Lakeville residents are familiar with the major military contributions made by the state of Minnesota. The Red Bull Infantry has been involved with myriad military operations over the past few years. Military members are dedicated and hard-working, but sometimes that service comes at a personal cost. Family life becomes a foreign dynamic to some military members, and when they return home, they can sometimes find their marriage isn’t the same.
This can lead to divorce, and the rates for military members are notably higher than that of non-military members. In a 10-year window beginning in 2001, the military divorce rate jumped from 2.6% to 3.7%. A contentious part of military divorce is the pension a service member receives, and how it gets split after a military divorce.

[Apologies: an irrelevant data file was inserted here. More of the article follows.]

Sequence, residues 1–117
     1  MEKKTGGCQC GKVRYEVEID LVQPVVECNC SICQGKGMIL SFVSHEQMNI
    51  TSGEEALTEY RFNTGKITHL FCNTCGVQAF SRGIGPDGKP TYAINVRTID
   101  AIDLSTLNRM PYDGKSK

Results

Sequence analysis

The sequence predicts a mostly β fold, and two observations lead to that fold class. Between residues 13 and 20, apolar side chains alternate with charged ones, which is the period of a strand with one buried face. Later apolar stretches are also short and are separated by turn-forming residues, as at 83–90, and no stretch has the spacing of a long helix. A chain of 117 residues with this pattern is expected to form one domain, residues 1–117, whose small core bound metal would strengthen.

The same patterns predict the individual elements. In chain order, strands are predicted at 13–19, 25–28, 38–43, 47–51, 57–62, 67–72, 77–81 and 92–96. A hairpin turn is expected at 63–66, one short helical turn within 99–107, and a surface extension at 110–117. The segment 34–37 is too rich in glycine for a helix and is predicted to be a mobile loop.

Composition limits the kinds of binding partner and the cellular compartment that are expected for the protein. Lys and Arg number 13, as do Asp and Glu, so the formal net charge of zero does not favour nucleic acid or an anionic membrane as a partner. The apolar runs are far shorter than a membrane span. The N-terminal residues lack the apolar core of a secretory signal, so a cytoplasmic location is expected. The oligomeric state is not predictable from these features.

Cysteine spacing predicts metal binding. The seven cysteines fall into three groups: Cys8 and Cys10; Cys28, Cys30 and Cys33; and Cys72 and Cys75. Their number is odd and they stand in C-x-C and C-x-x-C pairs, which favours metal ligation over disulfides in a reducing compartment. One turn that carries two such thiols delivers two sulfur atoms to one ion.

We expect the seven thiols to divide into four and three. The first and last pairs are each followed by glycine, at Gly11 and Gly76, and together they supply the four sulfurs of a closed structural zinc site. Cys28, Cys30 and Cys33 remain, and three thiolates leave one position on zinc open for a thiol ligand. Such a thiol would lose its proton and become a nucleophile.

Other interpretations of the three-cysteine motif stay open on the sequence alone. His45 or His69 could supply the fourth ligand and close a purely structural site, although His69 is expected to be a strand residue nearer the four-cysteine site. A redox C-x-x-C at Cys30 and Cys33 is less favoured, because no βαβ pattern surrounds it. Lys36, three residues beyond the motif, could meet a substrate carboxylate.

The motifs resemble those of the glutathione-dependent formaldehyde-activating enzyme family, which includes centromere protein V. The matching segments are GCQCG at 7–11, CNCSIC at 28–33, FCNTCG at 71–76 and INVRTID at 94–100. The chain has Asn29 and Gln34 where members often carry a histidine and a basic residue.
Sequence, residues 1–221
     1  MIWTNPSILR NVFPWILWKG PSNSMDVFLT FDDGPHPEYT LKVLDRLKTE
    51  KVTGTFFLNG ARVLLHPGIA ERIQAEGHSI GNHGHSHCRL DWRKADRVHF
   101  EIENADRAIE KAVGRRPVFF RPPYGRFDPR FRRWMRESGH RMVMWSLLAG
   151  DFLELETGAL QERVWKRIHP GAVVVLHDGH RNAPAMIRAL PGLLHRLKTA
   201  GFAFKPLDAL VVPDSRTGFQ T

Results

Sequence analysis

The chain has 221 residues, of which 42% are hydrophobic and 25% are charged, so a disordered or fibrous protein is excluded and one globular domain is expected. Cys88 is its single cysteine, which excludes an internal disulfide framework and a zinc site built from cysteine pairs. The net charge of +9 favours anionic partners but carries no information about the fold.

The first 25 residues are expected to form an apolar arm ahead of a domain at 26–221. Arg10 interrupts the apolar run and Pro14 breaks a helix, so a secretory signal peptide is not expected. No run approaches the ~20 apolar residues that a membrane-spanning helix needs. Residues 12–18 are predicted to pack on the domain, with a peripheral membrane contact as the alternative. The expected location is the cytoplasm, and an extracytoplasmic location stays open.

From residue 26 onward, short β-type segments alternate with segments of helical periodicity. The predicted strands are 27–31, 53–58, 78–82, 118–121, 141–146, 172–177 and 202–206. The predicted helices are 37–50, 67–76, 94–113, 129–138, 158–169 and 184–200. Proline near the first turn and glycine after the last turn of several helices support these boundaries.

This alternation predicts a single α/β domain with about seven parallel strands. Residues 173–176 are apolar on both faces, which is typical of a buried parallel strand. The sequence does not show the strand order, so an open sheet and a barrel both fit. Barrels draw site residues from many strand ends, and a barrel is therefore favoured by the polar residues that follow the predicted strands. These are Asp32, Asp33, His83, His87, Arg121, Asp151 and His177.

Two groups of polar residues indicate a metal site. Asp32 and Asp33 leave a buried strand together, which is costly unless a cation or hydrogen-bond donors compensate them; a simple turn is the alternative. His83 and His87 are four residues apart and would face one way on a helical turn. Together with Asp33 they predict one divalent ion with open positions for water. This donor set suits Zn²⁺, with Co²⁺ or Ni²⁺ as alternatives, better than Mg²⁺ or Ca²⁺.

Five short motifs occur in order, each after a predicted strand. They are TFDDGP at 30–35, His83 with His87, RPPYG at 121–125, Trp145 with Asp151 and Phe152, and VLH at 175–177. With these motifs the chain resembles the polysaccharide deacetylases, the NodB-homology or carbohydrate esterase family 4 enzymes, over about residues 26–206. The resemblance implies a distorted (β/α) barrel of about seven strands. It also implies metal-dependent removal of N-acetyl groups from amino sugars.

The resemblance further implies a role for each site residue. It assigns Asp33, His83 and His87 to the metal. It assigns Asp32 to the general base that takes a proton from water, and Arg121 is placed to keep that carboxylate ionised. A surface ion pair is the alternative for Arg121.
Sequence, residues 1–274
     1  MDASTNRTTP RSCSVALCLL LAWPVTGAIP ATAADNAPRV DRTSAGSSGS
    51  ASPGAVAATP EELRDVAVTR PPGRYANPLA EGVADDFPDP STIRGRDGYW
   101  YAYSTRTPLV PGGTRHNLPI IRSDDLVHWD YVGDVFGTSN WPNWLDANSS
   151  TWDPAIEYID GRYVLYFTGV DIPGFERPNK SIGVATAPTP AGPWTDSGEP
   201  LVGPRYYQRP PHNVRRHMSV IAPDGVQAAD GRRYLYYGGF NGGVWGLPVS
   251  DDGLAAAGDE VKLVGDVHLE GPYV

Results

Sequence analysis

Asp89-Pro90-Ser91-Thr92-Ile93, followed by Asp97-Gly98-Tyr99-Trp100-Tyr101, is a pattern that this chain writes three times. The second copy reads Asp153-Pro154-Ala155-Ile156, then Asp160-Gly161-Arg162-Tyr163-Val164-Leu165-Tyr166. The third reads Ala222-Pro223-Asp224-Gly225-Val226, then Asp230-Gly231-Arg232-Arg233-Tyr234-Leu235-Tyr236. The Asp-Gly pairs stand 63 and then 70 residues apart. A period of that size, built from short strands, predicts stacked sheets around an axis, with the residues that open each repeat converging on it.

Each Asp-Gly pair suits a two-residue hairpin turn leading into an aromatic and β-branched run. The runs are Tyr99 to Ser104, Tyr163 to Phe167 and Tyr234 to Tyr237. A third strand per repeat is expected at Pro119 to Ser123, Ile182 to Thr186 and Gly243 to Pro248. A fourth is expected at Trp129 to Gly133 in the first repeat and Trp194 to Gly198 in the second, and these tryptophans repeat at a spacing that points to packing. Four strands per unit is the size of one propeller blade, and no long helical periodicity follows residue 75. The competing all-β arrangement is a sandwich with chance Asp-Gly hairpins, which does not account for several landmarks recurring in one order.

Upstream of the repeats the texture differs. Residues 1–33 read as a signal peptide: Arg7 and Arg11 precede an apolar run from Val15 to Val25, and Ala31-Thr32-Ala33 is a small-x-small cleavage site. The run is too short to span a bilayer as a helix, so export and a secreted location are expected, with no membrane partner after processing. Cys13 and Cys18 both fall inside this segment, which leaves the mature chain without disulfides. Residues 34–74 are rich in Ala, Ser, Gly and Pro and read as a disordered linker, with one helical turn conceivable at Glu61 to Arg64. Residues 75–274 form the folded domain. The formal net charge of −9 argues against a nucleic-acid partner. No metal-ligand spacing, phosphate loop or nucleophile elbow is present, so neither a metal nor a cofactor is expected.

Since military pensions have no minimum age, they have added value over other pensions — and when you consider that an ex-spouse is permitted to half of those pension checks, it presents a very real issue for military members. The general population has to deal with division of pension as well, and sometimes this matter can be settled through mediation or a divorce agreement.
There are many different motions and appeals that can be made (in addition to plenty of paperwork) when dealing with a military or non-military pension. That is why legal representation is vital when going through a divorce. One piece of incorrect information can skew any pension appeal. An ex-spouse may not receive the money he or she is owed, or the party with the pension may miss out on some of the value of their pension.
Source: Wall Street Journal, “Divorce: Splitting Up a Rich Military Pension,” Ellen E. Schultz, Mar. 9, 2012